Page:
Rewards or punishment? CIFOR responds to articles on poaching and illegal trade


Uncontrolled poaching and illegal trade, often to supply the demands of a few, will push even more species to the brink of extinction. Although conservation practitioners recognize that long-term solutions must revolve around altering human behaviours, public education and enforcement of wildlife-related laws, there is still much discussion about the effectiveness of the carrot (rewards) and/or the stick (punishment).


A recent trio of papers (Challender and Macmillan 2014a, 2014b; Phelps et al. 2014) on poaching of high-value wildlife makes very compelling reading for anyone interested in this matter. In the main paper published in Conservation Letters this month, Challender and Macmillan argue that although intensifying enforcement effort is crucial, this will prove inadequate because the drivers of poaching and trade, financial incentives and criminal involvement overpower enforcement of trade controls. These authors, arguably proponents of the ‘carrot’ approach, suggest that interventions need to go beyond regulation and more towards incentivizing and building capacity among local communities to conserve wildlife.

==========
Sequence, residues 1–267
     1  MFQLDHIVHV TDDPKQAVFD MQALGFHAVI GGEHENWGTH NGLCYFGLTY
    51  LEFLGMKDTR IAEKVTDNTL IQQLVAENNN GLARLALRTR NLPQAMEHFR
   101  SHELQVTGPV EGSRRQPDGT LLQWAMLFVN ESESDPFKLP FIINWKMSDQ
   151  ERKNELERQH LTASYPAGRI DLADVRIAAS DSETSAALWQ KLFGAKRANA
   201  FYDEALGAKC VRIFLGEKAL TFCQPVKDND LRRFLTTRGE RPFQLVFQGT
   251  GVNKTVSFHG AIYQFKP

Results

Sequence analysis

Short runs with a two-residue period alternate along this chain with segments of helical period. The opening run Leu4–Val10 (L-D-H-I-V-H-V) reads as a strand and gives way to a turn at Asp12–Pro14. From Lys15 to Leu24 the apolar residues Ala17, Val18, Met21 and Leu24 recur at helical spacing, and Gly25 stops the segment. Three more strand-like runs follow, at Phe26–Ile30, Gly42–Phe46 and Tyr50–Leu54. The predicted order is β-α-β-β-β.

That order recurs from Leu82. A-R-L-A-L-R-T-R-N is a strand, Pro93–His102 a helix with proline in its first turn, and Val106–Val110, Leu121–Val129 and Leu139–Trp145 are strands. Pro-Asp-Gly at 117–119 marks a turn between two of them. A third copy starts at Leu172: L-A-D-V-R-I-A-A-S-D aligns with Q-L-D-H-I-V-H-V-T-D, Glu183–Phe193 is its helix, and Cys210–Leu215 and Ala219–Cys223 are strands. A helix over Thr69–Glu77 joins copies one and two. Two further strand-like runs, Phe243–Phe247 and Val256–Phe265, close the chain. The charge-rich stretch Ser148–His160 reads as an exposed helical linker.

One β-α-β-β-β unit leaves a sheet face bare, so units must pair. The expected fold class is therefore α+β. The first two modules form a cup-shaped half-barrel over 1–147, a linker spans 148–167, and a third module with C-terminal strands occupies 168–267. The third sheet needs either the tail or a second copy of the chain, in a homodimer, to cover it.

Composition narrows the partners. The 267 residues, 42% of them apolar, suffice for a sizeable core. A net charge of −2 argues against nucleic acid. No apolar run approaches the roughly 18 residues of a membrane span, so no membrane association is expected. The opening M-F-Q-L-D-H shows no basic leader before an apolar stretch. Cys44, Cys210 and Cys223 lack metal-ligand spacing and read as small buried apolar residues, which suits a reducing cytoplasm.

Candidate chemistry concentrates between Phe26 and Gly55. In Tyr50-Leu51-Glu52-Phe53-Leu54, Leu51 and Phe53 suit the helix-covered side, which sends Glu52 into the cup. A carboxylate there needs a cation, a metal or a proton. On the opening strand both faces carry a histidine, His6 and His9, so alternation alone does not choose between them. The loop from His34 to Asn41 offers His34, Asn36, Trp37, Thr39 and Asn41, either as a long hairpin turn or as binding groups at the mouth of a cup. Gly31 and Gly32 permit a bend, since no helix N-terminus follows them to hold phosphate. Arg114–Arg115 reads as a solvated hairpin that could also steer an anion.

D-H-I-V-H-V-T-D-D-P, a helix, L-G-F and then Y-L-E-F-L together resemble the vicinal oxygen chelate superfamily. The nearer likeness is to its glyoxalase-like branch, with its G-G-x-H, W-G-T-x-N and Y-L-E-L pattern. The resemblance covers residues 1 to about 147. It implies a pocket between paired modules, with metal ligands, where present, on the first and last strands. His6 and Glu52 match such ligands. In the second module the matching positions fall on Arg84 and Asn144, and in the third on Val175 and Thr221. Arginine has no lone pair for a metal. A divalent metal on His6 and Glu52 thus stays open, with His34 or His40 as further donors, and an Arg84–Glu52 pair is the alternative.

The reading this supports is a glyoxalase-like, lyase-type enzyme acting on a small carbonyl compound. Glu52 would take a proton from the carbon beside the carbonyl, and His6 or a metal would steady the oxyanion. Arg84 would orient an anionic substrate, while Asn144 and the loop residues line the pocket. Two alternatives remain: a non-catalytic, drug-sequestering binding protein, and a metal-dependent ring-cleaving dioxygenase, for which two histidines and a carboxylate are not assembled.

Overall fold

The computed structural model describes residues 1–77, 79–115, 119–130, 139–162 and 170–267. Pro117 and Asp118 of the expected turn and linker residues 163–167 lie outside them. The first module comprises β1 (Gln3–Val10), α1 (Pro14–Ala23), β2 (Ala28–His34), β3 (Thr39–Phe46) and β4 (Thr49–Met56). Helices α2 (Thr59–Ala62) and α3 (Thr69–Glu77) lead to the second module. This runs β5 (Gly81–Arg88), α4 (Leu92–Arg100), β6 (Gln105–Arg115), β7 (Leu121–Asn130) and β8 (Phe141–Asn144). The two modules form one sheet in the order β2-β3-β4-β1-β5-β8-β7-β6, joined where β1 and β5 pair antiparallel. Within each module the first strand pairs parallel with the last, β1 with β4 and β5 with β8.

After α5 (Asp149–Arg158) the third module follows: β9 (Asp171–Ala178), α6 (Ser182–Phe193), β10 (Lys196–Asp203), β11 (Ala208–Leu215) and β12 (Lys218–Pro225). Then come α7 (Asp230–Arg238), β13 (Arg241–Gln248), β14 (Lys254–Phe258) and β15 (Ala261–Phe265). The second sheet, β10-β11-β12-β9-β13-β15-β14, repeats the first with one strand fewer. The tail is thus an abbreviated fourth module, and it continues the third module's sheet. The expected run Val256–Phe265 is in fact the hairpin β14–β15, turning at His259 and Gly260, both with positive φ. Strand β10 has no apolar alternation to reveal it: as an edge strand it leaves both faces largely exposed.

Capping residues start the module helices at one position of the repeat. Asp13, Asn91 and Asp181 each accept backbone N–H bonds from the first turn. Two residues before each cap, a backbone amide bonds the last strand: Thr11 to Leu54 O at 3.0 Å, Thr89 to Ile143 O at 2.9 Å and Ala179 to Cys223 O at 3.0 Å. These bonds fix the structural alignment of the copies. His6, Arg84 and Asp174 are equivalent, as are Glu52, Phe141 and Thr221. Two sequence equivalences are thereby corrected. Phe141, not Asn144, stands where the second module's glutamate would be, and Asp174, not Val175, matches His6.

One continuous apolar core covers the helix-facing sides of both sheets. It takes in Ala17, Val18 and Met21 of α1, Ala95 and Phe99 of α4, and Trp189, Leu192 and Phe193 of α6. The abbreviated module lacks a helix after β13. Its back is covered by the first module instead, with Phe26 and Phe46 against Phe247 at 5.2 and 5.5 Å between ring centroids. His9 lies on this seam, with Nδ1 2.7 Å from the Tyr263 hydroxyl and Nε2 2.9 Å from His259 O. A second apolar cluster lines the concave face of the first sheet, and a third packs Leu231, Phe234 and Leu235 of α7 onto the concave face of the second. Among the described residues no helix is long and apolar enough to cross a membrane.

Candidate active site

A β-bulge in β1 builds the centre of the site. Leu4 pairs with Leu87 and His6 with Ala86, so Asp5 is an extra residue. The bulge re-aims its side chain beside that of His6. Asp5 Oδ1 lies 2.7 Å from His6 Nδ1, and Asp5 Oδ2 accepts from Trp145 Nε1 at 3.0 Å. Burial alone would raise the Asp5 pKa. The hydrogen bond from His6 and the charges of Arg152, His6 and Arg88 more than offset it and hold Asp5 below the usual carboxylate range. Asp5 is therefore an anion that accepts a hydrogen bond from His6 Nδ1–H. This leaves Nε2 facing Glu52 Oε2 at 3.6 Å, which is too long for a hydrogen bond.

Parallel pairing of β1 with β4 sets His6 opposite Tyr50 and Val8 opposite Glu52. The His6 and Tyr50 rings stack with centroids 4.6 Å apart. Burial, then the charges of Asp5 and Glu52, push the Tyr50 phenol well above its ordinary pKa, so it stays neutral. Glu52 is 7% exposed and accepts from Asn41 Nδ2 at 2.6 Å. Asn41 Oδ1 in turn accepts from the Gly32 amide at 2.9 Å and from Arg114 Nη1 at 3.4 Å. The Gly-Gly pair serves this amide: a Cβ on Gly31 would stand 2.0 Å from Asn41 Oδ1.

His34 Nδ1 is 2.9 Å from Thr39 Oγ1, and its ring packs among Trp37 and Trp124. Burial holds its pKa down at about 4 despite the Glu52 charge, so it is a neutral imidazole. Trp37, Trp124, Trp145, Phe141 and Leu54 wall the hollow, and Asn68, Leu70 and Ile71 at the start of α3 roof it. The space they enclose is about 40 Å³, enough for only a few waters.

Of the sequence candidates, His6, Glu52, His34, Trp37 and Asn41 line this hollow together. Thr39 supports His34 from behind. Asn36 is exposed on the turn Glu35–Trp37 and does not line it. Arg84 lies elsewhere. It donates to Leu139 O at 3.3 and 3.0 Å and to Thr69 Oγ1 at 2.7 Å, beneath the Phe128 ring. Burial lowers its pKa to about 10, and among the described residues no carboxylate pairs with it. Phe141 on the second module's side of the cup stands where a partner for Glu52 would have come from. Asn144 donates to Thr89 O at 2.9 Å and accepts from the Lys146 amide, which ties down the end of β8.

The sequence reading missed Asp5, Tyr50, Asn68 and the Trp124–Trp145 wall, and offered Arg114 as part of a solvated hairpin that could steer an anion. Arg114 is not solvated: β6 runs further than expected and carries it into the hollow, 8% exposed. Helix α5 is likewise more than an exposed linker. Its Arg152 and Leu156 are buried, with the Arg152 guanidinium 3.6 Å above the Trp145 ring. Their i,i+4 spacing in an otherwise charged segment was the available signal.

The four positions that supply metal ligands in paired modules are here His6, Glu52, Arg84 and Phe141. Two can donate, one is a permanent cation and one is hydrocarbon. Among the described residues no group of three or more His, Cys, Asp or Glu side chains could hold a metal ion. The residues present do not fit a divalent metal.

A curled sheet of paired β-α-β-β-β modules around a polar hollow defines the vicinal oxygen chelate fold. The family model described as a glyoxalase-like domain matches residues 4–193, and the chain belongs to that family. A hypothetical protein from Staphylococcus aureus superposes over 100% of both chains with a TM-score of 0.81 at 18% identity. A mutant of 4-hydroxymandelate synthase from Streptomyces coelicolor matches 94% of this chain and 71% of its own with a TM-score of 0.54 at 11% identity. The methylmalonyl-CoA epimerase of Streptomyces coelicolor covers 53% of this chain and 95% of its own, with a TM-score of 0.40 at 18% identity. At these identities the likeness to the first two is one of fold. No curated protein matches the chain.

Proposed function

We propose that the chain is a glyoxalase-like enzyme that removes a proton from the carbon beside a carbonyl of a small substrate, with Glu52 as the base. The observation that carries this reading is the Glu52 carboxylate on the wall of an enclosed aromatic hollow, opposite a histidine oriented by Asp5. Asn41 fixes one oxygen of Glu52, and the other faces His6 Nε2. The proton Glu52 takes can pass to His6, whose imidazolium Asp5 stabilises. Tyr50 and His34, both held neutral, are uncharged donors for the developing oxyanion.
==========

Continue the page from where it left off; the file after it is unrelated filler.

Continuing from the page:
A response to the Challender and Macmillan paper by Jacob Phelps from CIFOR and others (Phelps et al. 2014) presents a sobering counterpoint. Phelps et al. agree that consumer behaviour modification is important, but they believe that mainstreaming ‘soft’ strategies to conserve high-value wildlife will not work. Hence, even if incentives such as wildlife farming are successful (and there is an interesting debate about this in these papers), whether empowered communities could successfully counter organized criminal poaching of high-value species is considered by Phelps et al. (2014), as improbable.


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Rewards or punishment? CIFOR responds to articles on poaching and illegal trade

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